It is easy to see, in the light of these various dispensations, that God, who builds his bow of promise in the cloud, had marked her for his own. He had followed her long, and warned her often; but He did not give up the pursuit. He stopped her pathway to the world; but He left it open to heaven. He drew around her the cords of His providence closely, that she might be separated, in heart and in life, from those unsatisfying objects, which, in her early days, presented to her so many attractions. She herself, as we have already had occasion to notice, was subsequently led to view everything in this manner. It was God who was present in all these events; it was God who, through an instrumentality of his own selection, was laying his hand painfully but effectually upon the idols which she had inwardly cherished, sometimes trying her by mercies, where mercy might be supposed to affect her heart, but still more frequently and effectually by the sterner discipline of outward disappointment and of inward anguish.
It was not in vain, that He who understands the nature of the human heart, and the difficulty of subjecting it, thus adjusted every thing in great wisdom, as well as in real kindness. The trials which He had sent, were among those which work out "the peaceable fruits of righteousness." It was the result of these various providences, afflicting as they generally were, that she was led to the determination, (a determination which from this time never was abandoned,) once more to seek God. She had sought him before, but she had not found him. But, in giving up the search and in turning from God to the world, she had found that which gave no satisfaction. Bitterly had she learned, that, if there is not rest in God, there is rest nowhere. Again, therefore, she formed the religious resolve, — a resolve which God enabled her not only to form, but to keep. Her feelings at this time seem to be well expressed in a well known religious hymn, which is designed to describe the state of a sinner, who has seen the fallacy and the unsatisfying nature of all situations and of all hopes out of Christ.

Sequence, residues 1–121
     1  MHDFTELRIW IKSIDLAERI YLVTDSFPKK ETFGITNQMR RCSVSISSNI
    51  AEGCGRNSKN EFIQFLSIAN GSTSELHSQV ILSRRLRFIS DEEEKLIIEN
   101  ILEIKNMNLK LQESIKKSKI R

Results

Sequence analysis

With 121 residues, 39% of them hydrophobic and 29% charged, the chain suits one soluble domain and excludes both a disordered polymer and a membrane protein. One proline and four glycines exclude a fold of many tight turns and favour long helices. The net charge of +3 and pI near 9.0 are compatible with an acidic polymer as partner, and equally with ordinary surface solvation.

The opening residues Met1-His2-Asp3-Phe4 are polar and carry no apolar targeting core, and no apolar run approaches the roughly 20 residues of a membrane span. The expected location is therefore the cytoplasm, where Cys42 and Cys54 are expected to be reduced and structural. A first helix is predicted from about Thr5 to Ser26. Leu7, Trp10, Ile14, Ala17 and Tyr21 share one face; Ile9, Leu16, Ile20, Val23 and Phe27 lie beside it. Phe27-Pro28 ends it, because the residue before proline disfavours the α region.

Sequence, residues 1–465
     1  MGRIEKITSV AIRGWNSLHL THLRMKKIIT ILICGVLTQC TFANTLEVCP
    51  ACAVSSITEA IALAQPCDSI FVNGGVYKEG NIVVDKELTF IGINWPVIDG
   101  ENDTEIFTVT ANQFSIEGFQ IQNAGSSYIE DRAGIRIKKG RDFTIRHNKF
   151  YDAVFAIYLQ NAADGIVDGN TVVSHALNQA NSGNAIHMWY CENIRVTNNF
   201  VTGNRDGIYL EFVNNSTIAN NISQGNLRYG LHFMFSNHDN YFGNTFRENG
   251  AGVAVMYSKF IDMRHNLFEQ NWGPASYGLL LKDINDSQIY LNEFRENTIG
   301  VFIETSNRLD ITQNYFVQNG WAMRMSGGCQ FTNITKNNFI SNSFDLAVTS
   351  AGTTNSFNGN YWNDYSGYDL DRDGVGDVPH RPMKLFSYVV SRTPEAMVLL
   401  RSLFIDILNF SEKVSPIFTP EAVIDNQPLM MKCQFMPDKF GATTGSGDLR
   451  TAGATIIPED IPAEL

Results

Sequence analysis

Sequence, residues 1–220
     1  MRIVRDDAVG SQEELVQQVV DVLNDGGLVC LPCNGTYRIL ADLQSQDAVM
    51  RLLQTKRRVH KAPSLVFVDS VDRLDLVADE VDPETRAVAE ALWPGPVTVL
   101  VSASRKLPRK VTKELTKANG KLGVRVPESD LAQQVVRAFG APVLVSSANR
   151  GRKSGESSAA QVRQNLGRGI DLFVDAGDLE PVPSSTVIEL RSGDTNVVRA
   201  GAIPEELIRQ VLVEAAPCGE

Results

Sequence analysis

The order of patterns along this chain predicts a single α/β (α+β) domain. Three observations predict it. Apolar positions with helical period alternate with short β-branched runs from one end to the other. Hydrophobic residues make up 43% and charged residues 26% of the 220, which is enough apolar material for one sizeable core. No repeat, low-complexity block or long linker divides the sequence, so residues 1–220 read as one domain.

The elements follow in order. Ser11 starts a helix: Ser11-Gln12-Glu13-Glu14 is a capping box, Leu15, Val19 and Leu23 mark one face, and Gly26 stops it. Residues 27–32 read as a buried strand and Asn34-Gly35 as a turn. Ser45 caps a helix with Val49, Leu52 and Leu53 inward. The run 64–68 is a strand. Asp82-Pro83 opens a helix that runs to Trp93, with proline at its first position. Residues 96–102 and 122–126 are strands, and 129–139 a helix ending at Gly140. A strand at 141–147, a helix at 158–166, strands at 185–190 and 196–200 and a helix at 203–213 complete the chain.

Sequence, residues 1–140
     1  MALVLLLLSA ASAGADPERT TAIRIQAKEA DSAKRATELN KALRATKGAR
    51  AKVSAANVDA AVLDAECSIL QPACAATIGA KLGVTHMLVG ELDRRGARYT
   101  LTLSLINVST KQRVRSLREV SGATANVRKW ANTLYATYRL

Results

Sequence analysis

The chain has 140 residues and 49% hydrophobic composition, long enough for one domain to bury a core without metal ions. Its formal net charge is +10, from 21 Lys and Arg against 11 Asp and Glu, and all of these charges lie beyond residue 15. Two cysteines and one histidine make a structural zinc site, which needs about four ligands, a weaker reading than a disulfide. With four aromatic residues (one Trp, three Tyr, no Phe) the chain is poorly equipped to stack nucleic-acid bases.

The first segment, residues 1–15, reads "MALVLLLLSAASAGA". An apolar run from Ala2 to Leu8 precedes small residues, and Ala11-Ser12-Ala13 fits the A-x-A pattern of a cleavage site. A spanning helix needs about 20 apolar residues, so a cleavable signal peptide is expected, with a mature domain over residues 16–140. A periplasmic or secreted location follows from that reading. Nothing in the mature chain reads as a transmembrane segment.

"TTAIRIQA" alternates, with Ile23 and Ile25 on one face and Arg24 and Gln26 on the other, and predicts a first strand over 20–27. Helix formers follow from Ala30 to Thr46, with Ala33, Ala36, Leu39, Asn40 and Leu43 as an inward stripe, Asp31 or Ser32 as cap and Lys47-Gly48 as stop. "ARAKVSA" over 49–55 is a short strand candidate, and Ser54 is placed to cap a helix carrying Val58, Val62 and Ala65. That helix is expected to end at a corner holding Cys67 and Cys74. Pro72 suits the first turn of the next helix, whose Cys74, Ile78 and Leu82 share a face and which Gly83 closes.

"Perhaps he will admit my plea;
Perhaps will hear my prayer;
But if I perish, I will pray,
And perish only there.
"I can but perish if I go;
I am resolved to try;
For if I stay away, I know
I must forever die."
— edited from The Life of Madam Guyon Volume 1, Chapter 6.